Treejer is building a global, open-source protocol that acts as a transparent bridge between tree funders and rural planters. Their blockchain-based platform connects people and organizations who wish to fund trees with rural communities that are paid to plant and maintain them as they grow. They're exploring how DeFi, NFTs, and smart contracts can create diverse financial and non-financial incentives to fund forests and empower local communities. Their Genesis collection represents the first 10,000 trees to be planted via the Treejer Protocol and will help sustain the project as it expands. Genesis trees will be planted in 10 countries across Latin America, Africa, and the Middle East, as they work to economically uplift underserved communities while transparently providing tangible climate change solutions. In prior paradigms, obscured by layers of bureaucracy, we would donate and forget, never knowing where, if or how our funds were spent. Moreover, we would prioritize quantity over quality, celebrating the number of new trees planted instead of considering what we were planting where and how it might impact local ecologies, including planning for post-planting care to ensure their survival. Treejer aims to bridge the gap and to do so thoughtfully & transparently. They won 2nd place in the carbon footprint BSIC Incubator challenge and have partnered with multiple organizations globally to connect with the communities they serve more intentionally. They've worked with Asesorandes in Peru to help scale their presence and impact in Latin America, and they've also collaborated with Coinpay in Costa Rica and Kotani Pay in Ghana & Uganda to build offramps for locals to convert the digital assets received through Treejer into fiat currency that they can spend. This certified DPG hopes to pair innovative climate solutions with the cultivation of financial inclusion for unbanked communities to create the most significant social impact. 

Public goods on grants protocol

Grants protocol is a new way of distributing funds within a community. It is Gitcoin's vision for the future of funding: not a platform nor an isolated fund, but a protocol that any community can use anywhere in the world that connects resources, contributors, and ecosystems in the most optimal way possible.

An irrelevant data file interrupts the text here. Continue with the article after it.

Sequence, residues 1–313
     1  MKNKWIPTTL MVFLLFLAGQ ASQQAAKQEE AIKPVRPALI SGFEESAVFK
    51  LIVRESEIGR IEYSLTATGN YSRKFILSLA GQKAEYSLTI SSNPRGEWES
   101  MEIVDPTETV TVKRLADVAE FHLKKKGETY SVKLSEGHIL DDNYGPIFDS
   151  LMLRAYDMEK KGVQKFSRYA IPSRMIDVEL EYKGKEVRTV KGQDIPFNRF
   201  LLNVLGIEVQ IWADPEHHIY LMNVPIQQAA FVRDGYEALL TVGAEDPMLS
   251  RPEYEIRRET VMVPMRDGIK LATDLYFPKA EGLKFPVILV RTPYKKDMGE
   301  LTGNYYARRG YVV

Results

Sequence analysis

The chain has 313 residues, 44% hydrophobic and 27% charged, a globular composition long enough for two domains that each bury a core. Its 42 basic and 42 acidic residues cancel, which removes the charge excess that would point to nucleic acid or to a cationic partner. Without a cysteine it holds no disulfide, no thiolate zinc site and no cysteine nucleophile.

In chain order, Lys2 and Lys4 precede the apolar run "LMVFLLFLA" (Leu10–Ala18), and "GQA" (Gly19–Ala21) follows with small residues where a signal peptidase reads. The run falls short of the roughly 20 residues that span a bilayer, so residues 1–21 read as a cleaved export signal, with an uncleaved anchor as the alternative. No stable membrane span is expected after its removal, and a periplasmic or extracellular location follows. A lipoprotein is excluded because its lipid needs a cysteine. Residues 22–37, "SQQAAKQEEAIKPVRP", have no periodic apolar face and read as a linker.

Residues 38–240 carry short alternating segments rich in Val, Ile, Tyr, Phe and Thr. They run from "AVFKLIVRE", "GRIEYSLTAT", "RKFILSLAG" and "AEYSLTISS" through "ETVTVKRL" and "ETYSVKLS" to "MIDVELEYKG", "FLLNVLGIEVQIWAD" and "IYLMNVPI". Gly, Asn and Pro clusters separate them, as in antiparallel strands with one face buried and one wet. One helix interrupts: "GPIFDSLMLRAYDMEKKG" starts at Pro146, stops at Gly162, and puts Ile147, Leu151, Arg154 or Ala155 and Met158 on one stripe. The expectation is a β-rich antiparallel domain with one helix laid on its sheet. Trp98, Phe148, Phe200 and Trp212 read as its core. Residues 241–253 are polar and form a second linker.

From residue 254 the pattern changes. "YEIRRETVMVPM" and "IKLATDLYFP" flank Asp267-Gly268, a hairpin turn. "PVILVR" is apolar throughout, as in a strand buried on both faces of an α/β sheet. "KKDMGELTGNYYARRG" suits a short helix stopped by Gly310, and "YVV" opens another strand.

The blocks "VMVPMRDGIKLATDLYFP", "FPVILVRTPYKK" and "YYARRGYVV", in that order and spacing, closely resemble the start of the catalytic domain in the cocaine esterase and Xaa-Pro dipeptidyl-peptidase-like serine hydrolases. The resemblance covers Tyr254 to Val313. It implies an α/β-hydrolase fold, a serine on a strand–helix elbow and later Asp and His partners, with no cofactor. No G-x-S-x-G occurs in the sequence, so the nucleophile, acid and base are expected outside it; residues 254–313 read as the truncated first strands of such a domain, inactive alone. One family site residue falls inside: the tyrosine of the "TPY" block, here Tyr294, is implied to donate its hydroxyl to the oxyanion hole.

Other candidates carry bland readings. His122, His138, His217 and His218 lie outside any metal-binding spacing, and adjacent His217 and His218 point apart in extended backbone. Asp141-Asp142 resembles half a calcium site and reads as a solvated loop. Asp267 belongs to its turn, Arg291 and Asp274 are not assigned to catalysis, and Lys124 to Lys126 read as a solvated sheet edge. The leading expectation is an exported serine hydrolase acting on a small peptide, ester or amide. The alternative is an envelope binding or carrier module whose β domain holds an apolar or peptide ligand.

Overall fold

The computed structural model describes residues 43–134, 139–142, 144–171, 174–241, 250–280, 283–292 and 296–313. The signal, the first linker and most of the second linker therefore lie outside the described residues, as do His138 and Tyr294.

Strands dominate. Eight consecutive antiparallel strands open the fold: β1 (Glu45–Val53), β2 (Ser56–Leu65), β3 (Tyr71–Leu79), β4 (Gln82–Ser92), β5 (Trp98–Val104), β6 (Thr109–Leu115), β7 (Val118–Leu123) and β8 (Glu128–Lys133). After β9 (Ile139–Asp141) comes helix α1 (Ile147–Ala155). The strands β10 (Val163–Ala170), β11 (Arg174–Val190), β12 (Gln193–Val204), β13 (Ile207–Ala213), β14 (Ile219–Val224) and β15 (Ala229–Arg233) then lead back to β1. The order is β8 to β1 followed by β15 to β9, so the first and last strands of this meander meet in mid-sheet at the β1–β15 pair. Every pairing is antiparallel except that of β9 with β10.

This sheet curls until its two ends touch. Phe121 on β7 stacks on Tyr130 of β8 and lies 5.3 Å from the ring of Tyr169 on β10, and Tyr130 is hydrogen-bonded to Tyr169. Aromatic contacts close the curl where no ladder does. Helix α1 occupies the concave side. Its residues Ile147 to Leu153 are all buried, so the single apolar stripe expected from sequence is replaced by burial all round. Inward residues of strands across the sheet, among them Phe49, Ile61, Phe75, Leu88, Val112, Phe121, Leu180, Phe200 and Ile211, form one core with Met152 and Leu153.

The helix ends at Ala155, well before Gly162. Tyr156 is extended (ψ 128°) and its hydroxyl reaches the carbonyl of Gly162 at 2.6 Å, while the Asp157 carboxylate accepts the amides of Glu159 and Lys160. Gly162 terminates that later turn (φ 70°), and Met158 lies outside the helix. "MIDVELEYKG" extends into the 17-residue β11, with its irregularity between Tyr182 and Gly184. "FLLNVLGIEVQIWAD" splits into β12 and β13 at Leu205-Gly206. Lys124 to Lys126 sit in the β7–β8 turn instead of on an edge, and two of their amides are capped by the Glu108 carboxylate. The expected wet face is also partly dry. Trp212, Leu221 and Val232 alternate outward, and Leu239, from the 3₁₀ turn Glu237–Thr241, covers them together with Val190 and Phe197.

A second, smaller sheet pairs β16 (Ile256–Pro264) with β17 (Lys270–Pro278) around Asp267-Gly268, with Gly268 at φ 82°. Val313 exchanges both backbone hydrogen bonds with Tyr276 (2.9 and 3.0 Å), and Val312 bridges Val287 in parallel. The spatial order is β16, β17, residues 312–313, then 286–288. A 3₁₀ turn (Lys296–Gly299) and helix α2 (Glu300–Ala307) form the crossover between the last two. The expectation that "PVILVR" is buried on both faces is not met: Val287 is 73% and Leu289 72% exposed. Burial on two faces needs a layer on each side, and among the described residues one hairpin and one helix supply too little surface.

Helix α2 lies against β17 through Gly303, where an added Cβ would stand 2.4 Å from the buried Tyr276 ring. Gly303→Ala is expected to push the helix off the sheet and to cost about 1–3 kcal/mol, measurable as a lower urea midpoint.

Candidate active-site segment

Grants protocol uses blockchain to make it easier for organizations to identify and incorporate community signals into funding decisions. It also makes it easier for communities to see where funds are distributed in the most transparent way possible.

We're excited to have UNICEF's Office of Innovation as one of our 5 Alpha design partners helping us test and refine how grants protocol can enable anyone to build and fund public goods.

About Gitcoin

Gitcoin exists to empower communities to fund their shared needs. Gitcoin has partnered with dozens of leading organizations and communities to distribute over $72m across fifteen grants rounds to hundreds of grantees through the Gitcoin Grants Program. As Gitcoin evolves, the grants protocol (currently in testing) is Gitcoin's vision for the future of community-driven funding. The grants protocol is not a platform nor an isolated fund but permissionless technology that anyone can use, from anywhere in the world, to empower their community members to coordinate funding for projects that address their shared needs. Stay up to date on Gitcoin's protocol future by following @Gitcoin on Twitter.

About UNICEF

UNICEF's Office of Innovation sits within and across UNICEF's global network in 190 countries to discover, co-create, and scale innovation - both frontier technologies and novel applications of technologies - to improve the lives and futures of children and young people. 

UNICEF's Office of Innovation explores three layers of blockchain technology: Can we focus more resources on problems that affect the world? Can we create greater efficiencies within public sector bureaucracies? Can we fundamentally disrupt some systems which are broken?

As we look into new ways of doing things for our organization and the children we serve, we must tap into new communities of innovators and problem-solvers. 

The UNICEF Venture Fund is the first venture capital vehicle in the UN, allowing UNICEF to learn from and shape markets of emerging technologies that exist at the intersection of $100 billion business markets and 1 billion persons' needs. It is specifically designed to finance early-stage, open-source technology spaces such as blockchain, virtual and augmented reality, machine learning, artificial intelligence, and drones that can benefit children. 

By investing in emerging markets and a diverse set of entrepreneurs, the UNICEF Venture Fund aims to close gaps and contribute to a future where every child can survive and thrive. 

The UNICEF Venture Fund has made 124 investments in 74 countries, with a 43% female-founded portfolio, changing the lives of over 31.7 million children, young people, and communities.

To find out more on how to donate, visit the Grants Explorer Guide.